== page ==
Kratom (botanical name – Mitragyna speciosa) is a tropical tree from the Rubiaceae family that can grow up to 25 m tall.
M. speciosa tree, also known as Ketum or Thom, is native to Indonesia, Thailand, Myanmar, Malaysia, and Papua New Guinea and has some opiate and stimulant-like properties. However, while it has many of the effects of opiates, the two are not the same thing.
The tree leaves have been used for many years in Asia for medicinal purposes and are very bitter, that’s why many people prefer to take it in a liquid tea form with a sweetener.
There are at least 40 active substances in this plant, such as – pausinystalia johimbe, 7-hydroxymitragynine (it has been shown to be 13 times more potent than morphine as an antinociceptive agent in studies), mitragynine (an indole-based opioid and the most abundant active alkaloid in the plant), rhynchophylline, paynantheine, corynanthidine, speciocilatine, raubasine, speciogynine. Also, different varieties of the tree may have more potent opioid effects.
Health Benefits of Kratom
This plant is used as an alternative treatment for pain and opiate addiction and from opioid medicine withdrawals.
Opiate withdrawal can be very uncomfortable and numerous individuals continue using these drugs to avoid unpleasant symptoms.
It is known in traditional medicine as a method to fight immune system disorders due to its antiviral substances. It contains 20 times the amount of antioxidants found in green tea.
Diarrhea home remedy
In Thai folk medicine, the leaves were boiled and served as a tea treatment for diarrhea.
Dried leaves of M. speciosa can cause a sedative effect, with feelings of euphoria and calmness for up to six hours.
Boosts energy levels
It has similar effects to caffeine by stimulating the brain and muscles which ultimately will make you have more energy to do other tasks.
It helps alleviate chronic pain within 5 to 10 minutes after consumption. The effects can last for a few hours.
More than 17 million people in the US have at least one major depressive episode every year.
Kratom has been shown to reduce the effects of anxiety and depression, possibly because it contains many psychoactive compounds.
How To Use
You can intake it in a powdered form, a pure leaf form, a liquid form. The majority of patients will only need to use 5 to 10 grams.
This plant is banned in Latvia, New Zealand, Denmark, Australia, Lithuania, Romania, Poland, and Sweden. Also, it is banned by ASEAN member states and cannot be included in health supplements and traditional medicines.
According to act 2486 from August 3, 1943, it is illegal planting the tree in Thailand. However, the Thai government considered legalizing for opiate withdrawal.
In addition, Arkansas, Alabama, Tennessee, Indiana, Vermont, and Wisconsin and the United States Army had made this plant illegal for use.
Side Effects of Kratom
There have not been many studies on the long-term effects of consuming this plant. However, it was observed that the main problems are linked with the consumption of high doses and used in conjunction with other drugs. Long term users become thin, their skin darkens, which gives an appearance similar to a hepatic face.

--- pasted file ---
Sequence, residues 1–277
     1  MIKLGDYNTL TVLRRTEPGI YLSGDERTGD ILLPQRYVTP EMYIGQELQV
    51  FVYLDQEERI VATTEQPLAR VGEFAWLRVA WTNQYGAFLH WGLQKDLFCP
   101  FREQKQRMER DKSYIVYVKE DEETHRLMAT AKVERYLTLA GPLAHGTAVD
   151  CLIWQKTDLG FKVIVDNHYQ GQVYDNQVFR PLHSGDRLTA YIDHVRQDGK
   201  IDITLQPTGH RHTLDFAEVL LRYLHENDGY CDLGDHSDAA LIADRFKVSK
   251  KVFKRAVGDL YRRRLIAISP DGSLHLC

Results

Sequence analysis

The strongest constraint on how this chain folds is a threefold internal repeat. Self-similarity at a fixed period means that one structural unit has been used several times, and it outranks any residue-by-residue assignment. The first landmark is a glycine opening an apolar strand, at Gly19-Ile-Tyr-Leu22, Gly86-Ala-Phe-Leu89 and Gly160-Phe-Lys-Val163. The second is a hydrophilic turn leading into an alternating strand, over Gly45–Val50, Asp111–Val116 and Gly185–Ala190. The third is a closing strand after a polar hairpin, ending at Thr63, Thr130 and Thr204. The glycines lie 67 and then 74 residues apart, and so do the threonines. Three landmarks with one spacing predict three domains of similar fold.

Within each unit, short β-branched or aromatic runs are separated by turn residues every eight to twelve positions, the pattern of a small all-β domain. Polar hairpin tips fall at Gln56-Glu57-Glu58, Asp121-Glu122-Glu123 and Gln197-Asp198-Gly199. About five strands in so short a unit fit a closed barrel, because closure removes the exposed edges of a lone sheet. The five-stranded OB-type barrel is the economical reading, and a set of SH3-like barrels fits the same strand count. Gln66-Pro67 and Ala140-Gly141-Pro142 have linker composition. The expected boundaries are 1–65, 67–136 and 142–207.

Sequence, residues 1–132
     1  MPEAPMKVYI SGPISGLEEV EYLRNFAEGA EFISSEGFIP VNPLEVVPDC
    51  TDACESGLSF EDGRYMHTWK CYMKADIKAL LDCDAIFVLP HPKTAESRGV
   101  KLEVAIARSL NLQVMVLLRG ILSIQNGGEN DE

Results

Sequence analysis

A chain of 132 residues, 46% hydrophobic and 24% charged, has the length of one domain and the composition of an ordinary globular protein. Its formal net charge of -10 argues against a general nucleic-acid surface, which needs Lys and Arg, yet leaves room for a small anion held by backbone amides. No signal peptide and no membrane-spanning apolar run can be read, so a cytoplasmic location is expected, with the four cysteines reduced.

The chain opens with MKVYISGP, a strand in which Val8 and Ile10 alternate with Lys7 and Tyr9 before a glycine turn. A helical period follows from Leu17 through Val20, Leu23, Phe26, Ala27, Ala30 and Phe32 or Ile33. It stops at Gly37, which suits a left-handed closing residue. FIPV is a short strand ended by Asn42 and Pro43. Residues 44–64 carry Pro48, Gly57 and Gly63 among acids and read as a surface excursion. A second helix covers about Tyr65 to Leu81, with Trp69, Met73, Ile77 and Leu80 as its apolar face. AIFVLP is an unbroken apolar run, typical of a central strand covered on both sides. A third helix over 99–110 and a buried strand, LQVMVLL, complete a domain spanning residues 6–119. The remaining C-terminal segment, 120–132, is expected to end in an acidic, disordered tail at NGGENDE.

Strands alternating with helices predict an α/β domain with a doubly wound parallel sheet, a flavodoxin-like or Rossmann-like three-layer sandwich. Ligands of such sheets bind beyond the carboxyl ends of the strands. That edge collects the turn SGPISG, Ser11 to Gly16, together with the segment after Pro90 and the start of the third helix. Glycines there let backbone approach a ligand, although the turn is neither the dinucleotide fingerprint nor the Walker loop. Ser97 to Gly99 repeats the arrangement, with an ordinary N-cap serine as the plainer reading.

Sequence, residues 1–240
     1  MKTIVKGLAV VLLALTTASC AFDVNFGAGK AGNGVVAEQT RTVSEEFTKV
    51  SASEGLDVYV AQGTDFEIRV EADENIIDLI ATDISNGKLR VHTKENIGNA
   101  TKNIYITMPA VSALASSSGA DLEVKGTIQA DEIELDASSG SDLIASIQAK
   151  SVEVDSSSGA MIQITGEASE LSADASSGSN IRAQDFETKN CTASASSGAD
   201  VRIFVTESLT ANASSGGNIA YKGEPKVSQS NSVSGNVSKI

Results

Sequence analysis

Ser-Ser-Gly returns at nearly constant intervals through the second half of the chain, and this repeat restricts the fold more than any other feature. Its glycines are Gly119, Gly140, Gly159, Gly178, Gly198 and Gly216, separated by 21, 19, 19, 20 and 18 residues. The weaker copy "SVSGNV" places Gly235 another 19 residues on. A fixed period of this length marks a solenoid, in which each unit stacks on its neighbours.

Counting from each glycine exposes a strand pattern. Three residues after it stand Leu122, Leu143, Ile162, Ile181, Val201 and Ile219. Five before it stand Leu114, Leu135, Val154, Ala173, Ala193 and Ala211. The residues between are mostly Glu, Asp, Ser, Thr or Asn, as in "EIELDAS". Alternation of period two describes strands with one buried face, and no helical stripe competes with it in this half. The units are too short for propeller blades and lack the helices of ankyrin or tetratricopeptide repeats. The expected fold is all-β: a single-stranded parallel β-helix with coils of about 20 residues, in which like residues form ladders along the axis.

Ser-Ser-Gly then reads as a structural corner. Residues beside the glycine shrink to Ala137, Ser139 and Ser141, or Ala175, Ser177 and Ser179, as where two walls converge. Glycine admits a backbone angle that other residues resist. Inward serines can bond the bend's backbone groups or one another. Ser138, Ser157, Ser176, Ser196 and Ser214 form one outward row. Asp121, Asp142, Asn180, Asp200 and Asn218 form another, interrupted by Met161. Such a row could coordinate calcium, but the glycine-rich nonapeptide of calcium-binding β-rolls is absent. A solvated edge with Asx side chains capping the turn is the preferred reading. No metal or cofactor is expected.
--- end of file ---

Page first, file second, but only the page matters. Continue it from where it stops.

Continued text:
Side effects include:
- vomiting, nausea, constipation, and loss of appetite;
- frequent micturition;
- anorexia and severe weight loss;
- agitation, insomnia and sleep disorders;
- addiction, seizure, and psychosis;
- high heart rate and blood pressure, and liver toxicity;
- blushing and contracted pupils;
- dryness in the mouth and sweating;
- dangerous interactions with other medications or drugs due to some chemicals found in this plant which interfere with drug-metabolizing enzymes in the liver.
Pregnant and nursing women and children are advised to refrain from using this plant.
Withdrawal is the set of distressing physical symptoms that appear when you stop intaking an addictive compound. Withdrawal symptoms include aggression, irritability, hostility, inability to work, anxiety, wet nose, headaches, or jerky movement of the limbs.
The cause of a drug overdose is either by intentional misuse or by accidental overuse. Respiratory depression is an important risk with this type of substances, particularly for those who have activity at the mu-opioid receptor.
Usual symptoms of an overdose include -pupils will contract and appear small, the face is very pale, loss of consciousness, vomiting, or very slow breathing.
An overdose with M. speciosa is managed similar to the overdose of opioids and involves breathing and providing oxygen treatment with naloxone.
Between 2014 and 2016, 15 deaths in the U.S. were related to the consumption of this natural remedy. In Sweden. between 2010 and 2011 nine cases of deaths were reported relating to the use of M. speciosa combined with O-Desmethyltramadol (the main active metabolite of tramadol).
However, this is a pretty low number compared to drug overdose total deaths in the United States in 2014 that is 47,055.